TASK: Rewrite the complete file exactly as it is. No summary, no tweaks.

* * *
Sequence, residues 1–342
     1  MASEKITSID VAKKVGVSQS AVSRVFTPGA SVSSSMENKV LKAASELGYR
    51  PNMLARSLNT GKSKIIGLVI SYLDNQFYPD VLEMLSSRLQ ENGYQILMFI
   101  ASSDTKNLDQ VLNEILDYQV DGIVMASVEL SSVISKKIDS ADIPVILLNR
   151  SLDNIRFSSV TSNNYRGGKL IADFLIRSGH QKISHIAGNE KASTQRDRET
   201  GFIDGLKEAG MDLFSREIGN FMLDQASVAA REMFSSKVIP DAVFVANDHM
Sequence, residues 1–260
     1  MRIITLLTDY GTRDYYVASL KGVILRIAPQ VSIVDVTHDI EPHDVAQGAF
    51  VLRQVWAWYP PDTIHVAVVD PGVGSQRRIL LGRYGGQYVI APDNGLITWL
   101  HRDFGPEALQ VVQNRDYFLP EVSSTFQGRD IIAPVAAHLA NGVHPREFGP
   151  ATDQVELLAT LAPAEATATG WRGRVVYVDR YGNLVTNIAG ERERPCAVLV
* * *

Sequence, residues 1–342
     1  MASEKITSID VAKKVGVSQS AVSRVFTPGA SVSSSMENKV LKAASELGYR
    51  PNMLARSLNT GKSKIIGLVI SYLDNQFYPD VLEMLSSRLQ ENGYQILMFI
   101  ASSDTKNLDQ VLNEILDYQV DGIVMASVEL SSVISKKIDS ADIPVILLNR
   151  SLDNIRFSSV TSNNYRGGKL IADFLIRSGH QKISHIAGNE KASTQRDRET
   201  GFIDGLKEAG MDLFSREIGN FMLDQASVAA REMFSSKVIP DAVFVANDHM
Sequence, residues 1–260
     1  MRIITLLTDY GTRDYYVASL KGVILRIAPQ VSIVDVTHDI EPHDVAQGAF
    51  VLRQVWAWYP PDTIHVAVVD PGVGSQRRIL LGRYGGQYVI APDNGLITWL
   101  HRDFGPEALQ VVQNRDYFLP EVSSTFQGRD IIAPVAAHLA NGVHPREFGP
   151  ATDQVELLAT LAPAEATATG WRGRVVYVDR YGNLVTNIAG ERERPCAVLV